The Best Dwarf Rabbit Bedding Types for The Health of Your Pet

Best dwarf rabbit bedding you ask? Well, the dwarf rabbit is one of the most miniature breeds of rabbits on the planet. There are over 60 rabbit breeds for pet owners to choose from in most countries where rabbits find themselves kept as pets. The dwarf rabbit is famous because of its size and overall cuteness. It stays the same size, from a bunny to an adult rabbit. However, do you know if the dwarf rabbit needs special bedding? If so, what is the best dwarf rabbit bedding type you should use that won’t be harmful to your pet’s health?

The care of these small hyperactive rabbits is what is carefully considered by pet owners. We recommend that pet owners carefully research and consult professionals on how to care for a dwarf rabbit. 

One crucial part of a dwarf rabbit’s care is the bedding. It may seem simple; new pet owners may liken having a rabbit to the same as having a cat or dog. According to the American Veterinary Medical Association, rabbits find themselves classified as exotic pets. 

Therefore, new pet owners should consider all the factors that make rabbits significantly different from what we regard as typical household pets. 

On the matter of rabbit bedding, this article aims at aiding dwarf rabbit owners to understand how they can keep their rabbits healthy and prosper by creating a conducive environment for their rabbits.

Dwarf Rabbit Behavior And How It Affects Their Bedding

A black and white Netherland Dwarf rabbit is shown sitting in some grass in this file photo.
A Netherland Dwarf sits in the grass. It looks like it’s a little trouble-maker, doesn’t it?

For first-time pet owners, it is vital to know that the dwarf rabbit’s behavior and the rabbit’s bedding are correlating factors. It means that there is a mutual relationship between these two aspects. A dwarf rabbit’s behavior will indicate how they react to their bedding. 

Furthermore, dwarf rabbits have different behaviors depending on their gender. You may find that female dwarf rabbits are more relaxed, calm, and collected, while male dwarf rabbits are more on the aggressive side of things when threatened. 

In terms of bedding behavior, dwarf rabbits have a habit of chewing random things. It is in this situation that they are left unsupervised. Therefore, because of this likely to happen behavior, you want to provide your dwarf rabbit with something they can chew on and sleep on at the same time. 

Most importantly, they instinctively chew on things. They must face no risk of being harmed by any present toxic chemicals. 

What Is The Best Dwarf Rabbit Bedding?

The best dwarf rabbit bedding is safe for rabbits to chew and even ingest.
Dwarf rabbits love to chew, like any rabbit. So ensure the bedding is rabbit safe!

The American Rabbit Breeders Association shares how rabbit bedding works. First things first, if you are using a wire bottom cage, rabbit bedding is unnecessary. It is because typical rabbit bedding won’t hold due to the spacing of the wires.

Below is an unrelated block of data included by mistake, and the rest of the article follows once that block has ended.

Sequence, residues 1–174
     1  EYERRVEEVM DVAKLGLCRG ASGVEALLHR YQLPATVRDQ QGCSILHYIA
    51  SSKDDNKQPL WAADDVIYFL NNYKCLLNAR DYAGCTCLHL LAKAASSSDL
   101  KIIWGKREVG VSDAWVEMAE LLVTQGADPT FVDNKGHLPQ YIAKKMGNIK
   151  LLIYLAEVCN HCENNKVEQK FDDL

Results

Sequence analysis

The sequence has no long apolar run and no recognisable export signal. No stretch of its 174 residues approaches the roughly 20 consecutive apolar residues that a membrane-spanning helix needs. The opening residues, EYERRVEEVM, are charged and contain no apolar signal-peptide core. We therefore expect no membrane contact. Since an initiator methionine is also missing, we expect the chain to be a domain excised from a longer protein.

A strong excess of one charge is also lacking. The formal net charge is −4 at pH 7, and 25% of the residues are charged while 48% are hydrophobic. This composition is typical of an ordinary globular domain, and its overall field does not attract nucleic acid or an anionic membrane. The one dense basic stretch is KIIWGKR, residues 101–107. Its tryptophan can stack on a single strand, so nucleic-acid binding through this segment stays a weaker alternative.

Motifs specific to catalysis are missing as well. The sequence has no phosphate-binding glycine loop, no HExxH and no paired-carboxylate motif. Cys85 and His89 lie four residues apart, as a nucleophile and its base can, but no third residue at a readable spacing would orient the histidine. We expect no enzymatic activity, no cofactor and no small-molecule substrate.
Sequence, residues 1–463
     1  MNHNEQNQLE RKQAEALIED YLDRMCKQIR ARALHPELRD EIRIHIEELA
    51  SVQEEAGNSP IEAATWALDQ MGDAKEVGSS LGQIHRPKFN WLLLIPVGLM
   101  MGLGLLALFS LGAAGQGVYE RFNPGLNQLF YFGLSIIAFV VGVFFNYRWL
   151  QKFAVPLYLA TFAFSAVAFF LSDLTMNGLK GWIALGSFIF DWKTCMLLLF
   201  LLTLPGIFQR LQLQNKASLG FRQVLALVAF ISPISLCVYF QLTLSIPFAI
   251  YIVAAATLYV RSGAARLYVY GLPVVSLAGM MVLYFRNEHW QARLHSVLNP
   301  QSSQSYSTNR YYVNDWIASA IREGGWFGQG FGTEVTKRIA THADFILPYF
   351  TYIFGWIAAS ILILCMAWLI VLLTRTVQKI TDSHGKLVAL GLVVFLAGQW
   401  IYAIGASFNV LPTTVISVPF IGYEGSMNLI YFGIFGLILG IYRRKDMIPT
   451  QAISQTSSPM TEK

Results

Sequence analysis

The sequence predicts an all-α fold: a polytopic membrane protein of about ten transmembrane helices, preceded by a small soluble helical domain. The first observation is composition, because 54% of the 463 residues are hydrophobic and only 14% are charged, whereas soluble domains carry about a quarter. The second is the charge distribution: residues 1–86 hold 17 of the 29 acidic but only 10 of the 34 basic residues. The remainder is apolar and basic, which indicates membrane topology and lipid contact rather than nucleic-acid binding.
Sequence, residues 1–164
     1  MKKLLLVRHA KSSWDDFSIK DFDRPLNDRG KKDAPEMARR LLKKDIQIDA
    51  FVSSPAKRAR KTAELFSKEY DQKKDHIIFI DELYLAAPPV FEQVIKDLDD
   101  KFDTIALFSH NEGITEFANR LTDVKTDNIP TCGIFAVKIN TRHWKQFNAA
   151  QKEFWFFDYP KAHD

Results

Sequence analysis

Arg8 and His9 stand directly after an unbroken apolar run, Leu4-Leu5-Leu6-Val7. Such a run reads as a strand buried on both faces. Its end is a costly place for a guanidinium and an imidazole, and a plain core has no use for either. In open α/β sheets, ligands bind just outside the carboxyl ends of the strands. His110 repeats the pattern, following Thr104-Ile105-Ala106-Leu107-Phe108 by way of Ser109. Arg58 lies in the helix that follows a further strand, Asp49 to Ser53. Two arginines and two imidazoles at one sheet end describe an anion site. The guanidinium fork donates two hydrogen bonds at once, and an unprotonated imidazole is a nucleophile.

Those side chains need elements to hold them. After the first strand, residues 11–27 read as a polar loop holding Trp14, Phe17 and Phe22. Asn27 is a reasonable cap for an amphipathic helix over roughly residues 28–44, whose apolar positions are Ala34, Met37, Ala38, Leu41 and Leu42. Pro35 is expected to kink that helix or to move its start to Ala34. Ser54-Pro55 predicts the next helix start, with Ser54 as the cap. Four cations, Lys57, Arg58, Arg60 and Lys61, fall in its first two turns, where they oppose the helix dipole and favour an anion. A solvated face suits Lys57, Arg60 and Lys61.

Most likely, you will have bedding everywhere in your house or the room or space where you will be keeping your rabbit. It is inefficient. Kindly take that critical fact into account. 

When it comes to the best bedding, we recommend using hay, straw, wood chips, or shavings. Of course, this is in cages with a completely solidified base. 

Another thing to consider highly is that these bedding materials are easily attainable and cheap. They won’t inconvenience owners. Furthermore, if you are looking at wood chips as a form of bedding, the size of the chips and the type of wood the chips are significant. 

Some wood negatively affects a rabbit’s health, especially for such a tiny rabbit breed as a dwarf rabbit that is highly fragile. For example, Cedar wood is harmful to rabbits because it causes issues in their upper respiratory system. 

How Do You Store Dwarf Rabbit Bedding? 

According to the Animal Welfare Association, rabbit bedding should be kept in a cool, dry place free from moisture. Furthermore, the regulations stated by the AWA state that You should store the bedding in an area free from any form of vermin contamination or infestation. 

If the bedding gets contaminated with mites or mold, they can give the rabbit ear mites, which travel to the inner ear and cause an imbalance in your pet rabbit. In the case of mold, it can infect the rabbit’s upper respiratory system, which is highly contagious to other rabbits. 

Pet owners should also consider how they store their pet rabbit’s bedding. If stored incorrectly, it can cause unwanted diseases and infections that will endanger your fragile dwarf rabbit. 

Ensure that you have followed the regulations stated by the AWA as well as those mentioned by the manufacturing company that made the bedding you procured. It is in the case that you bought the bedding in a pet store or something close to that. 

What Bedding Do You Use When Traveling With Your Dwarf Rabbit? 

Pet owners may be wondering what type of bedding they should use when traveling with their dwarf rabbit. The AWA regulations, also known as the Animal Welfare Association, do a great job in outlining the enclosure types and not necessarily bedding. 

You could conclude that using a cage or any form of efficient enclosure that has enough space and ventilation is ideal. Furthermore, the pen should not pose any harm to the rabbit. It should also be thoroughly cleaned and sanitized before any use of travel.